What an amazing company! Not sure why Yerba Buena Center’s Novellus Theater wasn’t full. This was as interesting as anything going on in dance right now in the Bay Area and possibly beyond.
My favorite piece was the first: The Soft Sweet Smell of Firm Warm Things, set to a hypnotic synth score that changed midway-through into heavy cinematic music (think ’60’s era Bond). The choreography didn’t quite look like anything I’ve seen, way more casual and genderless than ballet, fiercer and more “street” than a lot of modern dance, yet sharper, more taut and with a higher center of gravity than street. It conveyed a generalized aggro that was sort of scary and fascinating, and at times, beautiful. I don’t know what it had to do with the title, but wonder if the women’s costumes in different shades of labial pink and the men’s blueball-colored pants signified anything (besides my own dirty imagination).
Also excellent was “Speaking Ill of the Dead”: It was less powerful at the beginning, when it seemed the dancers were portraying war itself, or soldiers, or something–pumping their fists, staring fearsomely, marching heavily in their bare feet and acting generally tough (but looking more like lithe modern dancers attempting to look tough). Though it began by depicting what looked like some outsider’s idea of war, it seemed to morph into a portrayal of the effects of war on people left behind. Dancers flailed their arms and threw themselves on each other, tumbled over each other’s bodies, and struck themselves as a monotone voiceover chanted official condolences for the loss of life. These eventually became condolences for the loss of dignity, of country, and of the future. The flailing about onstage seemed like a physicalization 0f the guilt and confusion of a country that only realized in retrospect the horror it had allowed itself to get into once it was too late to turn back, and the damage was done, both to human life and to the morale of those witness.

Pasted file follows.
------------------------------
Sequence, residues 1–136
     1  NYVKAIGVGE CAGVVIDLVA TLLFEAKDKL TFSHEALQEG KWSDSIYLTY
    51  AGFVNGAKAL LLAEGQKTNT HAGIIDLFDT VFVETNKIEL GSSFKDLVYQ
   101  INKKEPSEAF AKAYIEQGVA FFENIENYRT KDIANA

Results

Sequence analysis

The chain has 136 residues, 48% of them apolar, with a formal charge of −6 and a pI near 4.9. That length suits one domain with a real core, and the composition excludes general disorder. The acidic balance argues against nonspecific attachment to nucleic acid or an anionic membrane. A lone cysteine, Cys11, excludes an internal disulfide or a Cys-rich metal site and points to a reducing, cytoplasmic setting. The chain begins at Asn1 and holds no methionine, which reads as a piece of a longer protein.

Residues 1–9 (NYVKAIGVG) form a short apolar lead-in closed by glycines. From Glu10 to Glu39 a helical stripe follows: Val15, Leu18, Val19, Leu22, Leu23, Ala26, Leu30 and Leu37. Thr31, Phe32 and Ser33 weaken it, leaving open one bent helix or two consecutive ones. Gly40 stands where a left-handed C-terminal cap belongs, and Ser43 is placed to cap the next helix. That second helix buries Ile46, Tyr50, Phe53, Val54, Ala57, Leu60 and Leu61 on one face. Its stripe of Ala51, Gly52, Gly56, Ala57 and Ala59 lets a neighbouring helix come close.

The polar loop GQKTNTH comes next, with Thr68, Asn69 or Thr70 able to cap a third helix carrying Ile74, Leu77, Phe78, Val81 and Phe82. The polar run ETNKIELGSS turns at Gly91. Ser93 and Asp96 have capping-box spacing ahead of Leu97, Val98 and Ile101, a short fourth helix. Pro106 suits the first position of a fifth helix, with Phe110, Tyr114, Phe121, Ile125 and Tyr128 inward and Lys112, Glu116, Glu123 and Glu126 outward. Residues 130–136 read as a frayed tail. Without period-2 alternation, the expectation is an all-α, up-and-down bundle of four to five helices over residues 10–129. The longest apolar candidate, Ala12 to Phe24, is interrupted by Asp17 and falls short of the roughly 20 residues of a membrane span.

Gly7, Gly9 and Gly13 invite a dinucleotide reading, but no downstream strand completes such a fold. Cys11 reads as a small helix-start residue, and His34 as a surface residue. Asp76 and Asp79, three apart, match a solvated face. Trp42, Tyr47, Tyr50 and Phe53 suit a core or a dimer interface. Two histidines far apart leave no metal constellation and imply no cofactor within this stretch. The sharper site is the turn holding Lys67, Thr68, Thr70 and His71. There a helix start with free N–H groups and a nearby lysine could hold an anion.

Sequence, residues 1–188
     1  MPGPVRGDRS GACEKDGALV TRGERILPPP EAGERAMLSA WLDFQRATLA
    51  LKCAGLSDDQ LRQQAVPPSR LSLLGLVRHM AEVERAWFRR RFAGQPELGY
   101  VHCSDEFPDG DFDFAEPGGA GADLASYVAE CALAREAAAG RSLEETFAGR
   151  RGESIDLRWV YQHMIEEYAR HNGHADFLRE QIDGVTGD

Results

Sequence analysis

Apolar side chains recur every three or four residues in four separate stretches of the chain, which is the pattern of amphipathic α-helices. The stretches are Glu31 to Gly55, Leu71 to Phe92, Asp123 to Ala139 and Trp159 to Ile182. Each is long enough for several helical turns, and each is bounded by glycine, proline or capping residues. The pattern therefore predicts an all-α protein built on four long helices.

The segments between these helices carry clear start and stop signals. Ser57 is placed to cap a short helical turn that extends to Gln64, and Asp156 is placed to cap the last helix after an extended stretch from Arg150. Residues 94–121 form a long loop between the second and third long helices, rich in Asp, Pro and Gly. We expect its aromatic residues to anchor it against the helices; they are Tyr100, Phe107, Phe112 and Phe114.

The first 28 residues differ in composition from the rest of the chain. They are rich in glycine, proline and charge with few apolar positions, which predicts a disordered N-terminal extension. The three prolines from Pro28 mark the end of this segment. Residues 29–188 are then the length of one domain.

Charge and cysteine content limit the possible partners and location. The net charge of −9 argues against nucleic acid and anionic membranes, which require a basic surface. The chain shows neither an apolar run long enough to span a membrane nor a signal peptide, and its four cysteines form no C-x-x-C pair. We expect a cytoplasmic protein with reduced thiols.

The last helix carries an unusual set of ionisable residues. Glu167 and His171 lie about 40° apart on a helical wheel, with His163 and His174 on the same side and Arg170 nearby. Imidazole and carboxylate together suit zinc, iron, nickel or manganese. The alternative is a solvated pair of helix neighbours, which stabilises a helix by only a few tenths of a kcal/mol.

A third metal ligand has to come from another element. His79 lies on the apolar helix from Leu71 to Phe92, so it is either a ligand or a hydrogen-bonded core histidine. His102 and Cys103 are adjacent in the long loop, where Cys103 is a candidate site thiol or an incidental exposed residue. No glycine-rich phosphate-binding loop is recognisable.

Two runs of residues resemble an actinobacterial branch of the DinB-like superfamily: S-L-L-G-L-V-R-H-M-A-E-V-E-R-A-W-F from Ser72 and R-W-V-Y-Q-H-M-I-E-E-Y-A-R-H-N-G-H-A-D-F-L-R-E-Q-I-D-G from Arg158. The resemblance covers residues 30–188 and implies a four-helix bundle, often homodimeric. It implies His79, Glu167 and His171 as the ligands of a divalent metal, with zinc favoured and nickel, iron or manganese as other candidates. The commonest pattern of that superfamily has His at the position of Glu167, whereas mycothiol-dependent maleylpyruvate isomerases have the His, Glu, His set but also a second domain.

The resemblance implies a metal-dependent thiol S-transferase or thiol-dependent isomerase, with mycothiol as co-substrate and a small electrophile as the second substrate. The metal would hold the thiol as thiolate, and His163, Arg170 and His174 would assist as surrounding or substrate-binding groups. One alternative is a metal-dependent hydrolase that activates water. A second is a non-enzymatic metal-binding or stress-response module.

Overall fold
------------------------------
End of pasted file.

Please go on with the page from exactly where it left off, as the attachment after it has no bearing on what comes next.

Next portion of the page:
“Biography” was also interesting, and I have no idea how the dancers kept time; the “score” was actually a recorded roundtable discussion with James Baldwin, Lorraine Hansberry, Langston Hughes, Emile Capouya, and Alfred Kazin, on black perceptions of the American setting in art. I admit I didn’t perceive the connection between most of the movement and the words that formed the soundtrack (except for one moment when Baldwin (I think?) remarked on the “black man” as being a “corpse”-like presence in American art and literature regardless of whether the subject matter dealt with the black experience or not. Here two of the male dancers, arms outstretched and curved like wings, nuzzled the necks of two other dancers lying prone on the floor, in what looked like a tableau of vultures scavenging the meat off dead bodies). The discussion itself included ruminations on art and commerce as well as art and race in a manner that could probably be repeated word for word today and be just as relevant. And have you ever heard Lorraine Hansberry’s voice? She speaks like a queen, and her crisp consonants, softened (but not British) “r”s and liquid vowels made me feel like a valley slob with a bloated tongue.
Anyway, next time Robert Moses’ Kin performs GO SEE THEM. I’ll be there!